Algae's Second Try

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Science  02 Sep 2011:
Vol. 333, Issue 6047, pp. 1238-1239
DOI: 10.1126/science.333.6047.1238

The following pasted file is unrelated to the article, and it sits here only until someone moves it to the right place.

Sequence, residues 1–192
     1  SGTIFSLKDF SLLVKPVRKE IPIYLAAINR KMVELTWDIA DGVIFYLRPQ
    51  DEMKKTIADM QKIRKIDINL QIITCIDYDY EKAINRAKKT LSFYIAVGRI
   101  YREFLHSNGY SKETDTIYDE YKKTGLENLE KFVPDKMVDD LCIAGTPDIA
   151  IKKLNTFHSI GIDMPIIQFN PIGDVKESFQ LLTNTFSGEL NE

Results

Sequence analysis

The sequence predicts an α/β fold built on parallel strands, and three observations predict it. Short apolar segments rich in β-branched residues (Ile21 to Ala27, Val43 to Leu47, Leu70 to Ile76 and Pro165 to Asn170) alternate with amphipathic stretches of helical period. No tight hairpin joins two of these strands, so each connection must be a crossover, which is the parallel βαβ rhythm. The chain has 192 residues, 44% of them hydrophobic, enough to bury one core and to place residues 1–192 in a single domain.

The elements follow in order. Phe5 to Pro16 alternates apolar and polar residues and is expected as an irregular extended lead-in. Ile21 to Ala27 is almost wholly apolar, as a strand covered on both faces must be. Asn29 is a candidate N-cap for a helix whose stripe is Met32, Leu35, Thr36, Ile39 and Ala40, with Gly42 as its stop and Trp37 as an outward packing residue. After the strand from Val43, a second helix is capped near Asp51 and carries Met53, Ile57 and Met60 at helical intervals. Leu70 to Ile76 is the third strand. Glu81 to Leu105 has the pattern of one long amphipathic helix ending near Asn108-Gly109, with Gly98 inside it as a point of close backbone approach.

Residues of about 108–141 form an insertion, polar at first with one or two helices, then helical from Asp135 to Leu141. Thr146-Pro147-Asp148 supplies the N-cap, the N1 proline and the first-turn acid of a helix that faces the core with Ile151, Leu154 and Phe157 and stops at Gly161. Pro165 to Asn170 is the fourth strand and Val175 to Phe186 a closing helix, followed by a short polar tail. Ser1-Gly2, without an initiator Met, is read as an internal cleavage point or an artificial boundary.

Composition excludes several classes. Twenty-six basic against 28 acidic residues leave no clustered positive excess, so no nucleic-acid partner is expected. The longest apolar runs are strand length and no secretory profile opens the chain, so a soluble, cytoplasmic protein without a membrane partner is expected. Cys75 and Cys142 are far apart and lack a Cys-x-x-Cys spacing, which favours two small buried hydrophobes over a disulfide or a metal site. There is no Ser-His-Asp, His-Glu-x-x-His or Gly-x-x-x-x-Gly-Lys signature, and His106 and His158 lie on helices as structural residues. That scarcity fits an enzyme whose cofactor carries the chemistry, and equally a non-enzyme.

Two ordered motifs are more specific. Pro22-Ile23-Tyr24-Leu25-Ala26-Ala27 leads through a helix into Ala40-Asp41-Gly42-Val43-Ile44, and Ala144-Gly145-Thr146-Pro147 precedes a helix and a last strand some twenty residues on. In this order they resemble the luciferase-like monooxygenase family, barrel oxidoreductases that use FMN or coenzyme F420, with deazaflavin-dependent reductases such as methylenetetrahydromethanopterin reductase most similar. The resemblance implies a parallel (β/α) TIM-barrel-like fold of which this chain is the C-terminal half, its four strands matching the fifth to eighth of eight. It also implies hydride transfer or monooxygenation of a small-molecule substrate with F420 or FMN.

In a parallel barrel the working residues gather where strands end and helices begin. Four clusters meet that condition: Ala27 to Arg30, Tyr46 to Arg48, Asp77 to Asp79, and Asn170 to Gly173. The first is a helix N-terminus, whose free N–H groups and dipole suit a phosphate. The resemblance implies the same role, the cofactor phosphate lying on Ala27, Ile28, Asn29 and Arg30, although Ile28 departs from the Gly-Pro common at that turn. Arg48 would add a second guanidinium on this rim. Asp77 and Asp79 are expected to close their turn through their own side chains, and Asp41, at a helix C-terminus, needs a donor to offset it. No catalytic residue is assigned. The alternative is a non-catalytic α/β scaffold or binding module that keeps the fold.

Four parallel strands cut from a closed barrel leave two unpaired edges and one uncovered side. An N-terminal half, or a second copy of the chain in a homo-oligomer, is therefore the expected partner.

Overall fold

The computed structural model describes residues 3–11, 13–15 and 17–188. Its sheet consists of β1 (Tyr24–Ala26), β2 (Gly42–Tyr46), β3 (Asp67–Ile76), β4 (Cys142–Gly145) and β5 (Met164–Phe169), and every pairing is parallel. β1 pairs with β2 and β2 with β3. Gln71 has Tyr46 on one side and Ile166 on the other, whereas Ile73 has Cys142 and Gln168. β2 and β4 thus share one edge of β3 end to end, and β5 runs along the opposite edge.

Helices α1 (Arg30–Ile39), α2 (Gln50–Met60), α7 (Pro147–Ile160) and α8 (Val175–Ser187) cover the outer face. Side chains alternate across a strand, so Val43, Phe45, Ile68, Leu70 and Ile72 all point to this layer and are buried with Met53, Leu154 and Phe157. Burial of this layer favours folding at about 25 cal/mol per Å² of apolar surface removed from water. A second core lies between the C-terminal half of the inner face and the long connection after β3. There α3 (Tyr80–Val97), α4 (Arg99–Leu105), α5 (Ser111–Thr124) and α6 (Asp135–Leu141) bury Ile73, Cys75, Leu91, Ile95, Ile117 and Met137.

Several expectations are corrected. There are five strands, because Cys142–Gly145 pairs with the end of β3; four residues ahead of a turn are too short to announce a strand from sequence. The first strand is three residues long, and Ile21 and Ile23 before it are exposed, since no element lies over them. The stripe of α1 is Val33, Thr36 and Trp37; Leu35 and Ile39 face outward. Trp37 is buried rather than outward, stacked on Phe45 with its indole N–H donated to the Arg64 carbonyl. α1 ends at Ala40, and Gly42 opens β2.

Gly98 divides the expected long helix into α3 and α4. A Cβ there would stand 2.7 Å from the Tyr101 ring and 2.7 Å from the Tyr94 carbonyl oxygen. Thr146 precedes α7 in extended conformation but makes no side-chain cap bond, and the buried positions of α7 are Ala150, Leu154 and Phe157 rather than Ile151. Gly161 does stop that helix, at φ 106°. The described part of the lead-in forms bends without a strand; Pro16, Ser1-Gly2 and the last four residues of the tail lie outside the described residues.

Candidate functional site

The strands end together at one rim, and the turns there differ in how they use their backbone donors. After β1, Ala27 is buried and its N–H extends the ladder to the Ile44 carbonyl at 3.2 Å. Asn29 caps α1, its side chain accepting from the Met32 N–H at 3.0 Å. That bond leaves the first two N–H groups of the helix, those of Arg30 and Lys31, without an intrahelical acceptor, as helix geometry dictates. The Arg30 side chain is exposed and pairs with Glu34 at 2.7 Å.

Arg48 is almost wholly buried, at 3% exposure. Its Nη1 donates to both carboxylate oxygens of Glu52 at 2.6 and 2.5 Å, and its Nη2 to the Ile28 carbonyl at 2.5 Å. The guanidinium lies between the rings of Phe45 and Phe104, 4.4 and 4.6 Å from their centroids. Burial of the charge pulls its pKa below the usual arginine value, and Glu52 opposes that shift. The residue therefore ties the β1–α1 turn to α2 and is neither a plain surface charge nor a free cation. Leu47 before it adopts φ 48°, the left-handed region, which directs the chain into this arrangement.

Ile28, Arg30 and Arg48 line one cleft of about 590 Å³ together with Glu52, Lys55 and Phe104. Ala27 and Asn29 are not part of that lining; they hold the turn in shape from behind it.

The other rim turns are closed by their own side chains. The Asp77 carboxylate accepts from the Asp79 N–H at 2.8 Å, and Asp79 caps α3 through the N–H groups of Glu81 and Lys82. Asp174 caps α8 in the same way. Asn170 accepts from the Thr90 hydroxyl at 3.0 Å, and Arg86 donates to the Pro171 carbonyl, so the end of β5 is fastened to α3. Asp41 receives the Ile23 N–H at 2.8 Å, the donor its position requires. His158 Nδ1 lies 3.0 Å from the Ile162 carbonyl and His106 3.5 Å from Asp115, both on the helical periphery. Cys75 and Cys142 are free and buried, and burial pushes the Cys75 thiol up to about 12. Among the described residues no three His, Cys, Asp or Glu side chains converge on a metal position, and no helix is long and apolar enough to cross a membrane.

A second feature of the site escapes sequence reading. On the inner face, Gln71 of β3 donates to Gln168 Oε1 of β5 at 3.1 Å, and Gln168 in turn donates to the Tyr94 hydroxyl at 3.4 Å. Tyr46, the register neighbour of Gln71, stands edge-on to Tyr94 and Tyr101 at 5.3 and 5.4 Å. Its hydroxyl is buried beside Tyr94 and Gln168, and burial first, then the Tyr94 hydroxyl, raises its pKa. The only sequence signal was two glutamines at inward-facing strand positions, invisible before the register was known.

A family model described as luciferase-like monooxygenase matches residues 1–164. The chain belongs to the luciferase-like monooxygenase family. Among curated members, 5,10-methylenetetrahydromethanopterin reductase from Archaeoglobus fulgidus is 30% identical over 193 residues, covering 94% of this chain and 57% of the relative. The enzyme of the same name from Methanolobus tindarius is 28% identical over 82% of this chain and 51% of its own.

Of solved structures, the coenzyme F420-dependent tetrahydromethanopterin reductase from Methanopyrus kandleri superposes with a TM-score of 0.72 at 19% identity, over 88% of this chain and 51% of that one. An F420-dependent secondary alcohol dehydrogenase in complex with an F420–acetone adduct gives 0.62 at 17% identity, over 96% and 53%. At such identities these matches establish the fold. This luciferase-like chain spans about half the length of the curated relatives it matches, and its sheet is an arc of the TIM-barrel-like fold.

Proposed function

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Fifteen years ago, the United States gave up on algae-based biofuels. But since 2000, more than $2 billion in private funds have flooded into the field. In May, Solazyme, an algae biofuels company, raised $227 million on the stock market. Last year, ExxonMobil announced it would invest up to $600 million in the field, with up to half going to Synthetic Genomics, a start-up looking, like Solazyme, to use synthetic biology to create commercial fuelmaking algae strains. And the U.S. Department of Energy and other federal agencies have jumped back on board contributing hundreds of millions of dollars more, including $104 million from the recent economic stimulus package to Sapphire Energy to build a large-scale algae fuel demonstration facility. So why the change? Biotechnology has made massive strides in recent decades, now making it relatively easy to tinker with algae in ways not possible during the first flurry of interest.